uECG puts all this in a finger sized package. It’s no surprise that this got our attention at Maker Faire Rome and that they’re one of the Hackaday Prize Finalists. The battery, micro controller, and sampling circuitry are all nearly packed onto the board. The user has the option of streaming through BLE at 125 Hz or using a radio transceiver for 1 kHz of data. Even transmitting at these sample rates and filtering the signal of unwanted noise the device draws less than 10 mA.

The files to make the device are all on their page. Though they are planning to produce the boards in a small run which should be the best way to acquire one and start experimenting with this interesting data.

Giant LEDs, Ruby Lasers, Hologram Displays, And Other Cool Stuff Seen At Maker Faire Rome

Hackers from all over Europe descended upon Rome last weekend for the Maker Faire that calls itself the “European Edition”. This three-day event is one of the largest Maker Faires in the world — they had 27,000 school students from all over Italy and Europe attend on Friday alone.

This was held at Fiera Roma, a gigantic conference complex two train stops south of the Rome airport — kind of in the middle of nowhere. I was told anecdotally that this is the largest event the complex hosts but have no data to back up that claim. One thing’s for certain, three days just wasn’t enough for me to enjoy everything at the show. There was a huge concentration of really talented hardware hackers on hand, many who you’ll recognize as creators of awesome projects regularly seen around Hackaday.

Here’s a whirlwind tour of some of my favorites. On that list are a POV holographic display, giant cast-resin LEDs, an optical-pump ruby laser built out of parts from AliExpress, blinky goodness in cube-form, and the Italian audience’s appreciation for science lectures (in this case space-related). Let’s take a look.

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Hands-On: CCCamp2019 Badge Is A Sensor Playground Not To Be Mistaken For A Watch

Last weekend 5,000 people congregated in a field north of Berlin to camp in a meticulously-organized, hot and dusty wonderland. The optional, yet official, badge for the 2019 Chaos Communication Camp was a bit tardy to proliferate through the masses as the badge team continued assembly while the camp raged around them. But as each badge came to life, the blinkies that blossomed each dusk became even more joyful as thousands strapped on their card10s.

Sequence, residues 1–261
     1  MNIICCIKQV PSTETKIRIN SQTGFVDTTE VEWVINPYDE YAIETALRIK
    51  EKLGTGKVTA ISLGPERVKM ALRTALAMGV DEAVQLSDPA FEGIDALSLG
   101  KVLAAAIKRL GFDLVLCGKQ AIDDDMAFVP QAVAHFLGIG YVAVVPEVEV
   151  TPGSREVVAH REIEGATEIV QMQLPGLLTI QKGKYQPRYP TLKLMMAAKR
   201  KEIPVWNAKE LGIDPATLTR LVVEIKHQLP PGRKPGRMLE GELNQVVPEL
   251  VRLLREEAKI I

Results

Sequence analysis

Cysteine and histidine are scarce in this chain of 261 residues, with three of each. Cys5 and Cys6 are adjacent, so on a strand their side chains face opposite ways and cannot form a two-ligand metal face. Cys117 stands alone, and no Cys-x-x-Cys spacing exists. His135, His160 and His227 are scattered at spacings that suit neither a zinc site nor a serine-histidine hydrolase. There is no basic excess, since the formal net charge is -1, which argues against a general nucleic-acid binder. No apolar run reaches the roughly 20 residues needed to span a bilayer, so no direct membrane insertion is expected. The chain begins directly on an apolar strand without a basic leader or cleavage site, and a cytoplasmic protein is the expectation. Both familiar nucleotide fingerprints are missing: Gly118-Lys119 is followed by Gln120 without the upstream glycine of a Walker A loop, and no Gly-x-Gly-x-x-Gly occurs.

Yet you shouldn’t be fooled, that’s no watch… in fact the timekeeping is a tacked-on afterthought. Sure you wear it on your wrist, but two electrocardiogram (ECG) sensors for monitoring heart health are your first hint at the snoring dragon packed inside this mild-mannered form-factor. The chips in question are the MAX30001 and the MAX86150 (whose primary role is as a pulse sensor but also does ECG). We have high-res ADCs just waiting to be misused and the developers ran with that, reserving some of the extra pins on the USB-C connector for external devices.

There was a 10€ kit on offer that let you solder up some electrode pads (those white circles with gel and a snap for a solid interface with your body’s electrical signals) to a sacrificial USB-C cable. Remember, all an ECG is doing is measuring electrical impulses, and you can choose how to react to them. During the workshop, one of the badge devs placed the pads on his temples and used the card10 badge to sense left/right eye movement. Wicked! But there are a lot more sensors waiting for you on these two little PCBs.